Notification of Householder Prior Approval

So far I have made two applications for larger permitted extensions. The first raised an objection from a neighbour. The planning officer came round (hi Kerry!) to see if the scheme would be compliant with current planning policy, but it fell foul of the neighbour’s right to light guidance. It was a 3.6m rear extension – 3.0m would have passed under normal PD rules, but not this. You can have as many free goes as you want and the neighbour is set to move, so we will take another shot at the title when the champ retires (sort of).

Larger permitted development application number 2 is a happier tale. We sent off the information on the 17th of September and today we got this:

Prior Approval

So the process takes one month, but one detail you might notice is that the work must be finished on site by 30th May 2016. If you allow twelve weeks on site and four weeks for determination, then if you are making your application after January 2016, you better have your contractor ready to start, with a price, when that letter drops on your doormat (or bleeps into your inbox).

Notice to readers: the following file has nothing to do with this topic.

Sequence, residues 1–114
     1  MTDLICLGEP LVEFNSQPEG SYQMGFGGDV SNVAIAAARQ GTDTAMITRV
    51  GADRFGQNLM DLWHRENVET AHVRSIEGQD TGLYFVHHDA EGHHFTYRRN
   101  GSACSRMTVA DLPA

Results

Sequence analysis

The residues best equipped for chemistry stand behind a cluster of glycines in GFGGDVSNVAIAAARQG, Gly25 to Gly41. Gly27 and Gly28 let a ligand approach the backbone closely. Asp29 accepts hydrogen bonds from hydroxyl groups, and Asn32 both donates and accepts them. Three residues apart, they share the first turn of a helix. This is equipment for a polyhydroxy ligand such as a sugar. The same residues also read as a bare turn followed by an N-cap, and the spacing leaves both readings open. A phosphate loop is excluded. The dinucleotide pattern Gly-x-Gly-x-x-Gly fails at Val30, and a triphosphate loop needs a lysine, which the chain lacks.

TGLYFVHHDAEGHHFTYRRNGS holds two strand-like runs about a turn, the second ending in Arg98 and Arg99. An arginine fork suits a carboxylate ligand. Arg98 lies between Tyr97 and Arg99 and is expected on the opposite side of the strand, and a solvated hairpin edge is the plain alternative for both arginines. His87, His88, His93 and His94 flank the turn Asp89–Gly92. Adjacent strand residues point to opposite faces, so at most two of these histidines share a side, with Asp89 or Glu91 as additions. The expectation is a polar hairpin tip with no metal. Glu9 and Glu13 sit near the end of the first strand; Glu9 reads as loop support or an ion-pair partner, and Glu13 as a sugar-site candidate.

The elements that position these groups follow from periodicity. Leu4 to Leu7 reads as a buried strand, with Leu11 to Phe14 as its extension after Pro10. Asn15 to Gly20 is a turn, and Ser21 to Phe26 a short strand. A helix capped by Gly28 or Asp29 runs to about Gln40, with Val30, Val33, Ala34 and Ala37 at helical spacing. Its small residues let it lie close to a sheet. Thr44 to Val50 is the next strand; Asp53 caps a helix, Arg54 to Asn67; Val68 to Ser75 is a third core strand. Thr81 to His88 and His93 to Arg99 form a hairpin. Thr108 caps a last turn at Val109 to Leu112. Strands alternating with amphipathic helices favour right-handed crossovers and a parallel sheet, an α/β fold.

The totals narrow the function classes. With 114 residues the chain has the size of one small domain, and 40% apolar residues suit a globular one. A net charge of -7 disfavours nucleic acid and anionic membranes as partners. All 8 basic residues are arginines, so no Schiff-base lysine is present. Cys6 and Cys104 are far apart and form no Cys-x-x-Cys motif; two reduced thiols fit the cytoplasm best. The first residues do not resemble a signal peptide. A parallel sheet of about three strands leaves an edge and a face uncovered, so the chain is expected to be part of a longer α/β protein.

Down down deeper and down

I am looking at a basement scheme for a client. Don’t get me wrong, it’s a scheme with a lot of potential – 30m2 of it to be precise, but if you are thinking of a basement scheme the first question you need to answer is “how much will this cost?”. To help find out the answer I have drawn up a sketch scheme and me and the builder will go round on Tuesday after school to have a look. Compared to going up, going down is very expensive and the first cost to establish is what will it cost to move the muck? I am guessing about £250 per cubic meter. We need to move about 26m3, so that should be about £6.5K. Sounds like a lot of money for a man with a barrow and a skip – but there’s a little bit more to it than that. The experts will explain it all to me next week. *For those watching at home, don’t forget the cost of the build as well!

Sk05 Section scheme B